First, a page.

Provide regular mentoring and a periodic visit to labor rooms and neonatology units is required in order to re-orient skills and handholding. Quality of life of newborns discharged from neonatology units for developmental delays can also be improved. In addition, establish early intervention centers at few hospitals e.g. provincial hospitals.
Interlink newborn health with other health related program in areas such as family planning, nutrition etc., and also interlink newborn health with social determinants of health e.g. regular supply of electricity and water, improving geographic access for busy units and busy health centers.
Follow up identified gaps and causes of mortality from death audits. Although death audits are taking place on a monthly basis, it is recommended that gaps identified should be promptly followed up so that preventable causes of mortality could be reduced.
Identify and prioritize high impact evidence based interventions and packaged as public health program e.g., EmONC for maternal health and facility and community based management of newborns for newborn health. The gains made under this policy could become a model not only for the African region but also for the whole world.
4. Conclusion and Global Health Implications
Over the last few years especially after 2005, a lot of improvement in the Rwandan health system has been made in terms of recruitment of health professionals, setting up/renovation of health facilities etc. The maternal and child health program has seen several improvements; however, the improvement in reduced newborn mortality had a slower pace in comparison to under five mortality and maternal mortality ratio.
In Rwanda, newborn healthcare equipment are now available in almost all district hospitals and many health centers, however, the protocols for their use are not in place. In addition, the recruited human resources especially doctors and nurses need to be trained in the proper use of these equipment, including their maintenance and troubleshooting and also in specialized trainings e.g., on essential newborn care.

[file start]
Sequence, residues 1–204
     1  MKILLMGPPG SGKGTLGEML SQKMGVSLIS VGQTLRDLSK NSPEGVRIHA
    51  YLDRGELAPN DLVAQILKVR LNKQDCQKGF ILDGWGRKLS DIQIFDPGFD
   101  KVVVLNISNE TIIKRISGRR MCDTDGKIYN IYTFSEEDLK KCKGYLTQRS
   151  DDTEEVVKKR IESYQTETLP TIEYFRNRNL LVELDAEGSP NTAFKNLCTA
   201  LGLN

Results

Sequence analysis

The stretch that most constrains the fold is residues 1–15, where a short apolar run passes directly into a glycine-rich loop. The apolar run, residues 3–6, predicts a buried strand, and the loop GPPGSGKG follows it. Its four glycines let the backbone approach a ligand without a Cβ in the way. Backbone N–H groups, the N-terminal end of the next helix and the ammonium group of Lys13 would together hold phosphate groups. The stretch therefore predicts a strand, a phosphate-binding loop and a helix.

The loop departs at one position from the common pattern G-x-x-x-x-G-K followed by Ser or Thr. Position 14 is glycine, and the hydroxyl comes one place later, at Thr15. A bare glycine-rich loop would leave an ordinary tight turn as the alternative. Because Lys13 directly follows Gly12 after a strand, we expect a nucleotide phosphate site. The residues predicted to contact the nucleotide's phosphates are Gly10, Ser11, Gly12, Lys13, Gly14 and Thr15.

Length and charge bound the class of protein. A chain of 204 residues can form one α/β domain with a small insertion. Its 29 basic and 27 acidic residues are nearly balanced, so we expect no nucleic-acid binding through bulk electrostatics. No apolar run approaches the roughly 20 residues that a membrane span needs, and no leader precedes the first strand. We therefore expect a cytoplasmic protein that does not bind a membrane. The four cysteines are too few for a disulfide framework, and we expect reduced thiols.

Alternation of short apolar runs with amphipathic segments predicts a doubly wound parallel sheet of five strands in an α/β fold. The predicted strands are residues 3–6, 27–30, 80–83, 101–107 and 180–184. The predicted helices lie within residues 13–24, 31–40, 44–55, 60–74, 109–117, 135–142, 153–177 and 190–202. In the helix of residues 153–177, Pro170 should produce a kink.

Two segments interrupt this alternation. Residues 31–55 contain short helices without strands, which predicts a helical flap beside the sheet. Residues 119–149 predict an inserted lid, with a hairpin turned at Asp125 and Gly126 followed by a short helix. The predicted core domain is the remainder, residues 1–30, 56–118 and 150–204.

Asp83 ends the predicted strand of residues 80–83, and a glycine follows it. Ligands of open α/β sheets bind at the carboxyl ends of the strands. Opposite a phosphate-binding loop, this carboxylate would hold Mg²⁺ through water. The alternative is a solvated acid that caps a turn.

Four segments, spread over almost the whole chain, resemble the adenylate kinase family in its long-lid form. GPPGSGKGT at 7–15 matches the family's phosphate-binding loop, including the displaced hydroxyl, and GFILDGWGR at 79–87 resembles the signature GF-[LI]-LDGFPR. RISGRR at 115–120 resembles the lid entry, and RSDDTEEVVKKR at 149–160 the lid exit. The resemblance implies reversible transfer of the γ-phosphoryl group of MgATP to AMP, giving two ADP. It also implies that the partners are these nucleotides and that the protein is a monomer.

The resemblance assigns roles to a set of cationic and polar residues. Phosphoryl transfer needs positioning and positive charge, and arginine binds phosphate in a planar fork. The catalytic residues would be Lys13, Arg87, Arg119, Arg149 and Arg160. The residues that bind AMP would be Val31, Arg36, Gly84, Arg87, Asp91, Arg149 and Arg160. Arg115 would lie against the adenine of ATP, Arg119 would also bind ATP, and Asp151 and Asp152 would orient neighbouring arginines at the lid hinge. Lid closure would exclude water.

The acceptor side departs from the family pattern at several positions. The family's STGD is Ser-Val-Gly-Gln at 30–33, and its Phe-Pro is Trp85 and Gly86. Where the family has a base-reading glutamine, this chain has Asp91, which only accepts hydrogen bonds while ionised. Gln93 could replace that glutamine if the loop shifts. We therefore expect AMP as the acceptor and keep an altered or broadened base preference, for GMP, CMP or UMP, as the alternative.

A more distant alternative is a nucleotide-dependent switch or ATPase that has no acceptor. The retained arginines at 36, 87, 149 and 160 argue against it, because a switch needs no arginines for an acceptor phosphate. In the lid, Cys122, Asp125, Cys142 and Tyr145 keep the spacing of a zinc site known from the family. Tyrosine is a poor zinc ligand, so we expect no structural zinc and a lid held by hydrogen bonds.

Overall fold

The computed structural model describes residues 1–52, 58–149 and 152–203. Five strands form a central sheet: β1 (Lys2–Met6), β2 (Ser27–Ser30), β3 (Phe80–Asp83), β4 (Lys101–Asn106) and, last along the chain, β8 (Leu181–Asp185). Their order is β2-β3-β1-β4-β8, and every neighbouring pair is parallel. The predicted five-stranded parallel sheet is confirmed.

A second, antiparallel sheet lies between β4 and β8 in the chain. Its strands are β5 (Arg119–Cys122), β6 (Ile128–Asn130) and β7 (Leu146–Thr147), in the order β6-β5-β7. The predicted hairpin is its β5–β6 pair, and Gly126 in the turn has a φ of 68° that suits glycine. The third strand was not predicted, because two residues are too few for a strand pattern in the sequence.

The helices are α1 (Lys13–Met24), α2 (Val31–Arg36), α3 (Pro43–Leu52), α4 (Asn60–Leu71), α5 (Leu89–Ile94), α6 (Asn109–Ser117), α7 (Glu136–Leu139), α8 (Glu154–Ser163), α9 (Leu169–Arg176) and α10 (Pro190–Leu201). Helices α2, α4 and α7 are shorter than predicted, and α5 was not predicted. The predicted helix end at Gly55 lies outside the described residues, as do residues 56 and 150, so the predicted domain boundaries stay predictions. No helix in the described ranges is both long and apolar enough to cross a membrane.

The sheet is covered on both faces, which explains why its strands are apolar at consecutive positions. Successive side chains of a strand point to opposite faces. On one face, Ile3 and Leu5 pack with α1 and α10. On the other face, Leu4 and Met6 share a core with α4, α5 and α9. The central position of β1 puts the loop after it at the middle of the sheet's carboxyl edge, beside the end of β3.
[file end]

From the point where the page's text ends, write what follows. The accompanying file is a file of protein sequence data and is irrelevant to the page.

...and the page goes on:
The authors acknowledge the following members of the Newborn Technical Working Group, Ministry of Health, Government of Rwanda for providing key inputs during the conduct of the study and also during the Bottleneck Analysis workshop: Dr Evodia Dushimimana (MOH), Catherine Mugeni (MOH/RBC), Dr Richard Munyaneza (USAID MCSP), Dr Catherine Kirk (Partners in Health), Dr Joel Mubiligi (Partners in Health), Mathias Gakwerere (UNFPA), Dr Yvonne Umurungi (Catholic Relief Services), Pacifique Mukashema G (RBC, Remera, MoH) for providing coverage data and assistance in LiST analysis.
- 2013-14 (EICV4)
- Rwanda Demographic Health Survey, Rwanda 2005, 2010 and 2015
- Changes in Fertility Decline in Rwanda: A Decomposition Analysis, International Journal of Population Research 2014 Article ID 48621
- Four Year Summary Report of Maternal and Newborn Deaths (2012-15) in Rwanda
- Evidence based, cost effective interventions: how many newborn lives can we save? Lancet. 2005;8;365(9463):977-988.
- [Google Scholar]
- Monitoring and evaluation of health systems strengthening: An operational framework, Geneva, Switzerland, November 2009
- Research Design: Qualitative, Quantitative and Mixed Methods Approaches. Sage Publications; 2003.
- Framework for program evaluation in public health, Morbidity and Mortality Weekly Report. 48 1999
- Baltimore, MD: John Hopkins Bloomberg School of Public Health; http://www.livessavedtool.org/